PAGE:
In N.Y., Ken Belson noted any former NFLer that agrees to the proposed concussion settlement "will give up the right to sue the league, so the NFL would also largely inoculate itself from further costly and embarrassing suits." Yet one of the "consequences of this structure is that it creates two tiers of retired players: those who sued the league and must pay their lawyers a percentage of any cash awards, and those who never sued the league but are eligible to receive money without paying legal fees." In effect, the players who "took the initiative to sue and helped push the league to settle will be penalized." It is unclear "how many of the 18,000 former players may receive a cash award" (N.Y. TIMES, 1/12).
TOO MUCH OF A GOOD THING? CBS Sports Network's Bart Scott said of expanding the NFL playoffs, "I think it would dilute the quality of the games. You talk about the last spot, people fighting for the last spot this year, some of those teams were a joke. For a team to be under .500 to make it, to maybe even get an opportunity to host a game, I think is absurd." CBSSN's Adam Schein asked, "How can Roger Goodell talk about player safety and expand the postseason?" However, Ravens DE Chris Canty noted the addition of another playoff team "can generate revenue. The only concern as a player that I would have is the owners sharing that revenue with the players" ("That Other Pregame Show," CBSSN, 1/12).
INCHING ALONG: FOXSPORTS.com's Jon Paul Morosi noted MLB was "poised to make two major changes to the sport: A broad expansion of instant replay and elimination of collisions at home plate." But now it is "uncertain whether either will be implemented" for '14. A "major reason" is that the MLBPA "has yet to give its approval, which is required" under the CBA. MLBPA Exec Dir Tony Clark in an e-mail wrote that the union’s Exec BOD "discussed instant replay expansion and home plate collisions 'at length' during its December meeting" (FOXSPORTS.com, 1/11).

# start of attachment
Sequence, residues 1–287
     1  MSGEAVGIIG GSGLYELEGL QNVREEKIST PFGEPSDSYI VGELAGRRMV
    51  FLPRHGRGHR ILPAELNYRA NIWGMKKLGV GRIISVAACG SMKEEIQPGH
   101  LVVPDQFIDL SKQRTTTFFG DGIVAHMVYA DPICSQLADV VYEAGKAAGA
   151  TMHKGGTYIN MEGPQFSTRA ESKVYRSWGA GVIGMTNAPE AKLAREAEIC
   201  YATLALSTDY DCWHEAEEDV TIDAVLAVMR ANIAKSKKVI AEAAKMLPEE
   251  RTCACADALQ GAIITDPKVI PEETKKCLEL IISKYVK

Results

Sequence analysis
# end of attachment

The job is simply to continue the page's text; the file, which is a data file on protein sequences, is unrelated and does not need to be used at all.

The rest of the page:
END TIMES? In Illinois, Patricia Babcock McGraw wrote under the header, "Can WNBA Survive Without L.A. Sparks?" WNBA fans have "said goodbye to at least a half-dozen teams that have been forced to close their doors over the league's 17-year history." But this case is "a little different in the sense that it's the Sparks, a marquee franchise, a cornerstone franchise, a founding franchise of the WNBA." If it can happen to "an A-list franchise, what's to stop it from happening to the less prominent or less successful franchises" (Illinois DAILY HERALD, 1/11).